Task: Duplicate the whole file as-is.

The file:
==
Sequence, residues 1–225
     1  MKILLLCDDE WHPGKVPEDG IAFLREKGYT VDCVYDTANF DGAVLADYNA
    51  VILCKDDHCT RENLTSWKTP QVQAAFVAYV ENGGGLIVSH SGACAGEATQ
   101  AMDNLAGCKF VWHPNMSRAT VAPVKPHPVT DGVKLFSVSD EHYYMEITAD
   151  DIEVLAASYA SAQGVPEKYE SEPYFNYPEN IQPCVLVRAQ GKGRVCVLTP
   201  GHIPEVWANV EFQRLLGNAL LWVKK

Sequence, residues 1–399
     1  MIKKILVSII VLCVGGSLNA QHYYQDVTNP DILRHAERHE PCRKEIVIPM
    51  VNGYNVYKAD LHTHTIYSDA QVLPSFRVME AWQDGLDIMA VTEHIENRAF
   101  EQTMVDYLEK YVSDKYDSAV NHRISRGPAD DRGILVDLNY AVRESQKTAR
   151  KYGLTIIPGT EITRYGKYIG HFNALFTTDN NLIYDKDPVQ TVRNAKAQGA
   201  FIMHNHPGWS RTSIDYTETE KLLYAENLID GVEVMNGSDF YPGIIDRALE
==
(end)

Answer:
Sequence, residues 1–225
     1  MKILLLCDDE WHPGKVPEDG IAFLREKGYT VDCVYDTANF DGAVLADYNA
    51  VILCKDDHCT RENLTSWKTP QVQAAFVAYV ENGGGLIVSH SGACAGEATQ
   101  AMDNLAGCKF VWHPNMSRAT VAPVKPHPVT DGVKLFSVSD EHYYMEITAD
   151  DIEVLAASYA SAQGVPEKYE SEPYFNYPEN IQPCVLVRAQ GKGRVCVLTP
   201  GHIPEVWANV EFQRLLGNAL LWVKK

Sequence, residues 1–399
     1  MIKKILVSII VLCVGGSLNA QHYYQDVTNP DILRHAERHE PCRKEIVIPM
    51  VNGYNVYKAD LHTHTIYSDA QVLPSFRVME AWQDGLDIMA VTEHIENRAF
   101  EQTMVDYLEK YVSDKYDSAV NHRISRGPAD DRGILVDLNY AVRESQKTAR
   151  KYGLTIIPGT EITRYGKYIG HFNALFTTDN NLIYDKDPVQ TVRNAKAQGA
   201  FIMHNHPGWS RTSIDYTETE KLLYAENLID GVEVMNGSDF YPGIIDRALE